For comparison, we use the 6153.9 g/s crude oil in petroleum generators.  If we use the slickster loop, we end up with a geometric series that nets us 7033.0 g/s crude oil.  This takes approximately 3.517 petroleum generators and 0.7033 pumps.  A petroleum generator take 15 tiles (including flooring) and a liquid pump takes 4 tiles, so it costs around 58 tiles.

Spoiler

In actuality, it would take around 64 tiles, but this more continuous way of thinking about these buildings helps us understand how it scales without having to find a number of natural gas generators that resulted in an exact multiple of 10,000 g/s crude oil.  For example, if we started with ‭12,307.8‬ g/s crude oil, then we would be coming from ~14,000 g/s crude oil after the slickster loop, which would be 2 pumps and 7 generators, it would actually take 113 tiles which is closer to the 58*2 than the 64*2. 

So, the tradeoff is the difference in space, which is effectively ‭778‬ tiles, for the water production difference.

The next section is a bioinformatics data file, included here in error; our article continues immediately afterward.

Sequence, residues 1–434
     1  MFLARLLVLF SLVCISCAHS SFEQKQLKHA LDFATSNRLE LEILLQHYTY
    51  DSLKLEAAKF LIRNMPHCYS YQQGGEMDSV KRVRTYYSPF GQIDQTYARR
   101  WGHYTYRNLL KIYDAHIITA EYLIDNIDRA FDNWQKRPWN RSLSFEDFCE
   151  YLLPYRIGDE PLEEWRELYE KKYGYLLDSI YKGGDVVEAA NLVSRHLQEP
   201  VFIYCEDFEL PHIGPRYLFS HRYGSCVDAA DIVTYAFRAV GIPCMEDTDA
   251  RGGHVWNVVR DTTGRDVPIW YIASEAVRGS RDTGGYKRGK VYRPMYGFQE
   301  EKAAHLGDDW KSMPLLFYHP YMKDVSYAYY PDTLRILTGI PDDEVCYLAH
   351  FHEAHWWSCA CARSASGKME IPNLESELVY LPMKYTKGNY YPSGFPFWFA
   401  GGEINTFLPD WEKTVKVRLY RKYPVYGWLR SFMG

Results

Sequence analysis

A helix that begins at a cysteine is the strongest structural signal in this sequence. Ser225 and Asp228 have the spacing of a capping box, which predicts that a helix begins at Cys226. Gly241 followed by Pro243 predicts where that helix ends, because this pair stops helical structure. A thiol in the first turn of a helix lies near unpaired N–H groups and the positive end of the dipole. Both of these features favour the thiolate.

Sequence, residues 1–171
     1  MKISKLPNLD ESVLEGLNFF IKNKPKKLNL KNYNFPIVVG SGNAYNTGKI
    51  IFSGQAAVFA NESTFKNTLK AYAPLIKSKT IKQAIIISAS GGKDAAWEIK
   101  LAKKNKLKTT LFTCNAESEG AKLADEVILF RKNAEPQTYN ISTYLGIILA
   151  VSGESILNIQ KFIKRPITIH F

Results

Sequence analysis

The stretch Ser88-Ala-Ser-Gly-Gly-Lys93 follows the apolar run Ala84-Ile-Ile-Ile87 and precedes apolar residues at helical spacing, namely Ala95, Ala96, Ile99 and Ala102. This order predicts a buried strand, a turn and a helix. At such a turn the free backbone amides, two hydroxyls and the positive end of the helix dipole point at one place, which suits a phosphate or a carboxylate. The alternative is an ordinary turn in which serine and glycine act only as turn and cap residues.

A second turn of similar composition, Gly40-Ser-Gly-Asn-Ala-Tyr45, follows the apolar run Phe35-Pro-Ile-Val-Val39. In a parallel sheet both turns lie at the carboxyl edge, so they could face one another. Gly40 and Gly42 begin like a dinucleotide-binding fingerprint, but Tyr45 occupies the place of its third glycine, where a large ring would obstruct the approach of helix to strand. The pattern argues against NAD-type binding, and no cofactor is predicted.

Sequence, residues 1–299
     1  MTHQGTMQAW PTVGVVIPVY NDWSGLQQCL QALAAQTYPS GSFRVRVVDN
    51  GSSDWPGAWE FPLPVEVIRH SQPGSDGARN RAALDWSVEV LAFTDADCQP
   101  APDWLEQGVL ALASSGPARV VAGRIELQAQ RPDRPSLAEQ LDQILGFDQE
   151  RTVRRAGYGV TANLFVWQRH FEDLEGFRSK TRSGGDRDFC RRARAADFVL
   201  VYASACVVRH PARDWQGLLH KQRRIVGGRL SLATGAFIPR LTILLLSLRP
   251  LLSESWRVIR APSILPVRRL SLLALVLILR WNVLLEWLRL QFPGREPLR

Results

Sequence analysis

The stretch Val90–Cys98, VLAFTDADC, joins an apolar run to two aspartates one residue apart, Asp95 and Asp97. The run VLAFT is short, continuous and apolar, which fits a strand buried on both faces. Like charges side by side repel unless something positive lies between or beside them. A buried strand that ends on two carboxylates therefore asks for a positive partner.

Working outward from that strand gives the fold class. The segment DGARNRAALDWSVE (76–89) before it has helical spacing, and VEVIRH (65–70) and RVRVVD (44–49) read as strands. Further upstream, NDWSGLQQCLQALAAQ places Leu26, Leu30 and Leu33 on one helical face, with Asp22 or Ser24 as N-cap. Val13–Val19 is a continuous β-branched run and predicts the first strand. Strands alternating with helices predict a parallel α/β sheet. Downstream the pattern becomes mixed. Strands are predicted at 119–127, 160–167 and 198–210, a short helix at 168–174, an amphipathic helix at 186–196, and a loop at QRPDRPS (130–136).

The 4500 g/s natural gas results 3,375 g/s polluted water.  The petroleum generators consume 7033.0 g/s petroleum to generate 2,637 g/s polluted water. 

My sour gas boiler and generators used 778 additional tiles and gave us 738 g/s additional water, or 0.949 g/s/tile.

Now, we consider domestic arbor trees. 

Spoiler

Since this setup would take the place of natural gas generators, we will assume that any CO2 would be converted by slicksters and burned in a petroleum generator.  This is because if arbor trees are better, then the natural gas generators could be replaced by arbor trees for a better result.